For ten days, Fathi Okil has only drunk a saltwater mix. South Korean authorities have sent an ambulance five times to where he is camped out in front of the Interior Ministry, but he just sends them away.
“I am not leaving and I am not stopping my hunger strike until they approve my request for political asylum or I die,” he tells MEMO.
A former printing technician, Fathi arrived in Seoul in May 2014 after being arrested at a protest outside the Republican Guard headquarters in Cairo as demonstrators took to the streets to protest the army’s take-over of power.
“I visited South Korea in 2002,” Fathi says on why he chose the East Asian nation after he was released from jail. “I really liked the country and the people, so I went back. I thought I would find human rights and justice here.”
At this time, South Korea offered Egyptians visa-free travel and many who escaped the creeping political persecution back home arrived, then tried to seek asylum in the country. But years later they are still waiting to be recognised.
Korea is one of the hardest of the developed countries to apply for asylum in – between 2010 and 2020 Korea accepted just 1.3 per cent of refugee applications.
It’s been almost nine years since Fathi landed in Seoul and he has still not secured political asylum there. During the lengthy process he has appealed several times, waited years for an interview and in the process lost his right to work.
He recalls one particularly tough part of the process: “I couldn’t afford food, so I ate from rubbish bins. I slept in the street, and not only this – I suffered intense racism.”
After studying Fathi’s interview, his lawyer found that authorities had falsified his statements, doctoring them to make it sound as though he came to South Korea for a better life.
Even though his lawyer was able to prove his testimony was fabricated, his asylum request was rejected.
Two years ago an Egyptian human rights campaigner in South Korea had a similar story to tell: in his asylum interview Darwish Musab said that he was at risk of political persecution, but his interview was recorded to make it appear he was looking for work and that he planned to return home after making a lot of money.
In 2020 the National Human Rights Commission of Korea released a report which confirmed that asylum seekers’ testimony has been falsified, mistranslated, recorded inaccurately, or omitted by immigration officials to give the impression they were economic migrants.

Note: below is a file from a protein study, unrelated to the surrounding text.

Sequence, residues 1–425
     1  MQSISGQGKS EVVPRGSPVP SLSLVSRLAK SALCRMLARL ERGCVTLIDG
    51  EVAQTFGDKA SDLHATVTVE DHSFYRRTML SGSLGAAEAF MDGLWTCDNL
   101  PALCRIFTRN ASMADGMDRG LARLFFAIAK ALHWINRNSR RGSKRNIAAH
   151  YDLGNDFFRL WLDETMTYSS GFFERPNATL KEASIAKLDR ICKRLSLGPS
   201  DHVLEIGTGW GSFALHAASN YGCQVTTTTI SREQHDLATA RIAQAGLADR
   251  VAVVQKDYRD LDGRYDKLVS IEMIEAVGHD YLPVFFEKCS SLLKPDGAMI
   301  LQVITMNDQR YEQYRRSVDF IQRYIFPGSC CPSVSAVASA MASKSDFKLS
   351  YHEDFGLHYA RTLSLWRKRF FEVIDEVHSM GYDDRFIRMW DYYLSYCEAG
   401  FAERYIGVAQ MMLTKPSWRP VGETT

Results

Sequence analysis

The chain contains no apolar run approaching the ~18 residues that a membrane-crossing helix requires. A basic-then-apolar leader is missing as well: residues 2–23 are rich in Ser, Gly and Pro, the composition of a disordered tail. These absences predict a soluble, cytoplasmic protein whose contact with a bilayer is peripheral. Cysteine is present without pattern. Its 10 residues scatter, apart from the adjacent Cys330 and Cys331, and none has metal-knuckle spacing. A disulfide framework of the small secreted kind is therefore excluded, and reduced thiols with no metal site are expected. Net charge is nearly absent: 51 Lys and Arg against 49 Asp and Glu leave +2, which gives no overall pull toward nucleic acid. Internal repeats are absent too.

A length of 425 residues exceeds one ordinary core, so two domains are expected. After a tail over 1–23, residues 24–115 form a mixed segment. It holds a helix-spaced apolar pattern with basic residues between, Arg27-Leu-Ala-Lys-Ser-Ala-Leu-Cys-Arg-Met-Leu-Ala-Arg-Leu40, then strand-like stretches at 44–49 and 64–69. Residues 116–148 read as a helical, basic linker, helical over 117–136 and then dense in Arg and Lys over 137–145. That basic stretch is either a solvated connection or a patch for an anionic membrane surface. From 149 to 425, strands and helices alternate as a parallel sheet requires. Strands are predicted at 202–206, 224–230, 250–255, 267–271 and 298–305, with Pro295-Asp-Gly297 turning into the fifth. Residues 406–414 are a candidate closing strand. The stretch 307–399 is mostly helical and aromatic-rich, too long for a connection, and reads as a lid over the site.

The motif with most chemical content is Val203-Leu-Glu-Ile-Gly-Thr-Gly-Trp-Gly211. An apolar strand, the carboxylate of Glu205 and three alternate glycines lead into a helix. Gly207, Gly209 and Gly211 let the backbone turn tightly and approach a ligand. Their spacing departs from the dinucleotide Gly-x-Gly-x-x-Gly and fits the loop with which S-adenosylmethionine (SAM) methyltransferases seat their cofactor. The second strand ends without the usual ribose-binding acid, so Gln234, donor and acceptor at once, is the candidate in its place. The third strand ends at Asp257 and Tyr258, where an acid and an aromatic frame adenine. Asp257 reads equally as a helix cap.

According to the panel, the applications of some 2,000 asylum seekers from Arab countries may not have been fairly reviewed between September 2015 and June 2018.
They also found that in 2016 roughly 94.4 per cent of Egyptian applicants went through a speedy refugee screening system, which shortened the screening process from months to less than a week. This is compared to 69 per cent of other nationals.
One human rights lawyer told the Korea Herald that the speedy refugee system “largely served as a tool to reject refugee applications based on prejudice that applicants were abusing the refugee law for economic opportunities.”
Then in late 2018, the Korean government abolished visa-free travel to the country for Egyptians.
Fathi’s wife lives in Egypt, and he has not seen her for almost a decade. He has three sons, one who is mentally disabled, another who is a former political prisoner himself and lives in exile in Bahrain.
“If I am granted political asylum, I will have the right to work and provide for myself,” Fathi says.
In 2018 Abdelrahman Zeid, who was then also a former Egyptian political prisoner living in South Korea, started a hunger strike with a friend calling on the South Korean government to speed up the process of recognition for all asylum seekers.
Abdelrahman complained that he was once attacked in the street and received a series of abusive and racist messages. A vet in his home country, during the asylum interview he was questioned about his parents’ separation, his own divorce and then rejected for allegedly entering a sham marriage.
He is now living in Taiwan, where he says he feels like a “normal citizen”.
“Korea is not and will never be a home for any kind of foreigner, no matter whether they are an investor, a foreign spouse or they are a refugee,” Abdelrahman tells MEMO.
“There are some foreigners who have acquired Korean citizenship, but even they don’t feel at home.”